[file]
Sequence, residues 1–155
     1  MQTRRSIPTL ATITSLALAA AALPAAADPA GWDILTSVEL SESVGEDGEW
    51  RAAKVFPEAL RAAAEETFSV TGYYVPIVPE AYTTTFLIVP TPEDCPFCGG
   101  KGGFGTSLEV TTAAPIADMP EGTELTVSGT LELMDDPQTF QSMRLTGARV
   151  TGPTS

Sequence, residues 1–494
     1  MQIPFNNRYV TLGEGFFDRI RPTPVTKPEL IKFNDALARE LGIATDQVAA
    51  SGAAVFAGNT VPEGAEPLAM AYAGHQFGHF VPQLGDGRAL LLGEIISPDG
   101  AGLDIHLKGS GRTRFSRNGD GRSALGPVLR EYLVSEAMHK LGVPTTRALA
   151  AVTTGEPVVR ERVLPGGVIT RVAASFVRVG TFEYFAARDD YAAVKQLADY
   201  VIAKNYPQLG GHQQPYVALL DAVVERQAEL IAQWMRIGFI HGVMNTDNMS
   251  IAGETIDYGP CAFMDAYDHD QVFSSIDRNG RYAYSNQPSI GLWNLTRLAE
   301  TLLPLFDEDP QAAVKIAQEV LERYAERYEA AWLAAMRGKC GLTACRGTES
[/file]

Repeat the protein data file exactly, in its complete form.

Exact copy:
Sequence, residues 1–155
     1  MQTRRSIPTL ATITSLALAA AALPAAADPA GWDILTSVEL SESVGEDGEW
    51  RAAKVFPEAL RAAAEETFSV TGYYVPIVPE AYTTTFLIVP TPEDCPFCGG
   101  KGGFGTSLEV TTAAPIADMP EGTELTVSGT LELMDDPQTF QSMRLTGARV
   151  TGPTS

Sequence, residues 1–494
     1  MQIPFNNRYV TLGEGFFDRI RPTPVTKPEL IKFNDALARE LGIATDQVAA
    51  SGAAVFAGNT VPEGAEPLAM AYAGHQFGHF VPQLGDGRAL LLGEIISPDG
   101  AGLDIHLKGS GRTRFSRNGD GRSALGPVLR EYLVSEAMHK LGVPTTRALA
   151  AVTTGEPVVR ERVLPGGVIT RVAASFVRVG TFEYFAARDD YAAVKQLADY
   201  VIAKNYPQLG GHQQPYVALL DAVVERQAEL IAQWMRIGFI HGVMNTDNMS
   251  IAGETIDYGP CAFMDAYDHD QVFSSIDRNG RYAYSNQPSI GLWNLTRLAE
   301  TLLPLFDEDP QAAVKIAQEV LERYAERYEA AWLAAMRGKC GLTACRGTES